Famous Scots including Elaine C Smith and Ian Rankin declare support for legalisation of assisted suicide


Second attempt to legalise assisted suicide in Scotland after previous proposals were rejected by MSPs

PROPOSALS to legalise assisted suicide have received a boost after a host of celebrities backed a Scottish Parliament bill.

Author Ian Rankin, Actor Elaine C Smith, and Scots Makar Liz Lochhead have signed a letter supporting the Assisted Suicide Bill.

Novelist Christopher Brookmyre and actors Andy Gray, Colin McCredie and Paul Young are also among the signatories to the letter which calls on MSPs to support the legislation, currently under consideration by the Scottish Parliament.

The letter stated: “We believe that people suffering intolerably from a terminal or life-shortening condition should be allowed to request reasonable assistance to end their lives.”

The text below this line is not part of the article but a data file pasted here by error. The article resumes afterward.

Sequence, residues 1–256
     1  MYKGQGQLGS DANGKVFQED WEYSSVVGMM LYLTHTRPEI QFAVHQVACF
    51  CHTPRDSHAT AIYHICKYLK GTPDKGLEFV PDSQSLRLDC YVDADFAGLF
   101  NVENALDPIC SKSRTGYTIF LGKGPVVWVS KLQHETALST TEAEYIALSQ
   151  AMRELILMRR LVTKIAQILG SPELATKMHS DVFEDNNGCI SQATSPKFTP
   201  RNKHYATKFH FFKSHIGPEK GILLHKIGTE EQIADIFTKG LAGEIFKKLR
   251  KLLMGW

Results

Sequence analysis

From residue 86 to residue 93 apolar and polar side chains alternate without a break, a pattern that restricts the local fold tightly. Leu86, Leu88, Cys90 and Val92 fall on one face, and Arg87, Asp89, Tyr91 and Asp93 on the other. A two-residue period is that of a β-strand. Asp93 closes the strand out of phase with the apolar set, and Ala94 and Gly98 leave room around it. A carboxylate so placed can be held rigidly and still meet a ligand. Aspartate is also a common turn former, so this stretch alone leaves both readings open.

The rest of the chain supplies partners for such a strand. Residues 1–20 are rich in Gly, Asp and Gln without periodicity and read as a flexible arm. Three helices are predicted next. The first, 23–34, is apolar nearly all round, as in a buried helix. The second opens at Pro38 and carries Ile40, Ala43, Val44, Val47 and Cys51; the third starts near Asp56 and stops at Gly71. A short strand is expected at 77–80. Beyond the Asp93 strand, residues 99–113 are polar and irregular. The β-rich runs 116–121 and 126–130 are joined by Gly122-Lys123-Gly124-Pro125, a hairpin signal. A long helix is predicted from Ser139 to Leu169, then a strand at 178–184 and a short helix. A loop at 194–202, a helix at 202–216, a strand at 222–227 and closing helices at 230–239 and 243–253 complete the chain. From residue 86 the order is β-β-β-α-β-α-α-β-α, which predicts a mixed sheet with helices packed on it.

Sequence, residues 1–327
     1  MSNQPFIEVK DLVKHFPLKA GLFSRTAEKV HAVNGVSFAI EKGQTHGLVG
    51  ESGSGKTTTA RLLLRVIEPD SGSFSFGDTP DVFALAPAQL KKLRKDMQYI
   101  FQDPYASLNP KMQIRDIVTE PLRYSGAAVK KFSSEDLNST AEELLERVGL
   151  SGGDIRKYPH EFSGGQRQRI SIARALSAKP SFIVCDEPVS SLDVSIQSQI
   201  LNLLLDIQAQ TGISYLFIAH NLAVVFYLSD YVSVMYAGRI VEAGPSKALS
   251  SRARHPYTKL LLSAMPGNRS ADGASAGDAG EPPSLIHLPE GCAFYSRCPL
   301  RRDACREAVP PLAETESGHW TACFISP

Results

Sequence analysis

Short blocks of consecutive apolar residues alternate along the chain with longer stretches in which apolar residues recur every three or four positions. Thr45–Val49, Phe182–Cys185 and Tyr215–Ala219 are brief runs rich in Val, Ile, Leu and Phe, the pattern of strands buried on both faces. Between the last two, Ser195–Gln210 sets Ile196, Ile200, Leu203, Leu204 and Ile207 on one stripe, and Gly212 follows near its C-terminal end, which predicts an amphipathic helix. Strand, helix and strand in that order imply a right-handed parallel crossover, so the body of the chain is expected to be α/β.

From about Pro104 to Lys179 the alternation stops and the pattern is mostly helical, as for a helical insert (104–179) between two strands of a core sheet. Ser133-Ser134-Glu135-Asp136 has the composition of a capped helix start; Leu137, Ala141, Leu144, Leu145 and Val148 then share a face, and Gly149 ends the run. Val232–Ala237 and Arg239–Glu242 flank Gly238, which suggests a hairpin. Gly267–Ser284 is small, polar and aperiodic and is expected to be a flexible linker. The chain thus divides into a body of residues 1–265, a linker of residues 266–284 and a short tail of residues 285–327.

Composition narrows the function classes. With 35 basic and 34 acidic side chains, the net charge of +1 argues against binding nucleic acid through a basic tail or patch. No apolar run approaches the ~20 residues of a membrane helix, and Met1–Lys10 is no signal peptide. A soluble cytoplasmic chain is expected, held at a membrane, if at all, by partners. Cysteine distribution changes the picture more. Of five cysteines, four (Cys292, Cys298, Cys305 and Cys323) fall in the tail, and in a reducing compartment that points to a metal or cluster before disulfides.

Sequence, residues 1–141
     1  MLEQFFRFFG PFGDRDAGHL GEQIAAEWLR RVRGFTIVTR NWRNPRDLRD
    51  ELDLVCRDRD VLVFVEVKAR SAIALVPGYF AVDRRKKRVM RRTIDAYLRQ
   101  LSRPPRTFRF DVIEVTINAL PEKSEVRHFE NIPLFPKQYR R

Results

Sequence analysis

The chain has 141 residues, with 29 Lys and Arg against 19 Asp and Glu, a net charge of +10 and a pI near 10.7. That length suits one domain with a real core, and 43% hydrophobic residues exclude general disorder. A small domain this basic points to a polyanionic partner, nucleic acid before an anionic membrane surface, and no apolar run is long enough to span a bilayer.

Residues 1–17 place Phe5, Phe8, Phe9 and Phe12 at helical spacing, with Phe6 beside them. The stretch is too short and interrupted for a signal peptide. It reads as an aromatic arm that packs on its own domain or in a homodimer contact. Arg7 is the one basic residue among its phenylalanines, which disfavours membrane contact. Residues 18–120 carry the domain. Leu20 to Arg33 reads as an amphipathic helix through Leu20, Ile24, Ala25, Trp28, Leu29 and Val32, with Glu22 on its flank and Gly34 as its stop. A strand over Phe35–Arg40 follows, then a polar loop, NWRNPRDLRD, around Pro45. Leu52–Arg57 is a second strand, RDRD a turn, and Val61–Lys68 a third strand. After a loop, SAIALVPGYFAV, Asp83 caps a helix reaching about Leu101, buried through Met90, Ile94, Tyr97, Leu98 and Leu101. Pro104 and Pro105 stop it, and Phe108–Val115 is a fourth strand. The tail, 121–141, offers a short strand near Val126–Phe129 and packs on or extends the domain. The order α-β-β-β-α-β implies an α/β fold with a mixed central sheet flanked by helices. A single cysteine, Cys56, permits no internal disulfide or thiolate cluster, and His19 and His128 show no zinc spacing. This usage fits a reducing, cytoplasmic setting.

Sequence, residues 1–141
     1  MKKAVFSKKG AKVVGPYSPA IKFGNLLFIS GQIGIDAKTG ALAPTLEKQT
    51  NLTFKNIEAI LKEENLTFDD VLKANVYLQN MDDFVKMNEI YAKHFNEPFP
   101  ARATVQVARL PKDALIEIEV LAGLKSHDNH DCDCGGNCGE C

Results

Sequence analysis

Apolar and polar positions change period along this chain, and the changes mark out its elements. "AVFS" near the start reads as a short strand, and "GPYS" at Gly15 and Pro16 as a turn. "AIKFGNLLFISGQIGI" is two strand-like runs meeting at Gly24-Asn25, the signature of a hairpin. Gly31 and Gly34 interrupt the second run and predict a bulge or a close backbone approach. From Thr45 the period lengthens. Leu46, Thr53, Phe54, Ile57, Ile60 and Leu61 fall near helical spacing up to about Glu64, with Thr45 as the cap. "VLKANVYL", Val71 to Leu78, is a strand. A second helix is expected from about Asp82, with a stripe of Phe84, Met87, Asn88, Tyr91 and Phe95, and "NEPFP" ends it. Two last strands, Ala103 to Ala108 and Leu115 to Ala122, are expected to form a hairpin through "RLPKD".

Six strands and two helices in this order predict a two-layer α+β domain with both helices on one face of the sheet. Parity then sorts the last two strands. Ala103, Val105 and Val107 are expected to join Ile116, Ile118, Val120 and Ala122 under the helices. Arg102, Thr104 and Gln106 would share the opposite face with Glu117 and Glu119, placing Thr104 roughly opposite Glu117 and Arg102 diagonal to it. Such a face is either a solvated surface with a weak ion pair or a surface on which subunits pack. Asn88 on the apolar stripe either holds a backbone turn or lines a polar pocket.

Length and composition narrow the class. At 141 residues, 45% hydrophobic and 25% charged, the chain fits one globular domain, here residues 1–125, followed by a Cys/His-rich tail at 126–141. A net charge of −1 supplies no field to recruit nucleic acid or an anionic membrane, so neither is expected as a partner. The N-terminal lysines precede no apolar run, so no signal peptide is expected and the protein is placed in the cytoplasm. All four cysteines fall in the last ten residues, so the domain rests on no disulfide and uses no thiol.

The letter says that the Assisted Suicide Bill has proper medical and personal safeguards.

It reads: “We understand this measure is controversial and that there will only be a small number of individuals each year who choose this route.

“However, as a society, we need to look after those who are suffering so much pain at the end of their lives.

“Whilst it is crucial that no one is coerced in any way to end their lives, it is equally unacceptable for those who would not wish to take this action to prevent others from having the choice available to them.”

The legislation is being championed by Green MSP Patrick Harvie following the death of independent MSP Margo MacDonald who long argued for it.

It would allow those with terminal or life-shortening illnesses to obtain help in ending their suffering.
It is the second attempt to legalise assisted suicide in Scotland after previous proposals were rejected by MSPs in 2010.

The Herald reported Sheila Duffy, spokeswoman for campaign group My Life, My Death, My Choice, as saying: “We are very grateful to this group of individuals for their support.

“Those of us in favour of this legislation do not support simply because it is popular but because it is the right thing to do in order to give the very small number of people for whom the excellent palliative care system in Scotland cannot help the choice of having reasonable assistance to help them end their own lives.”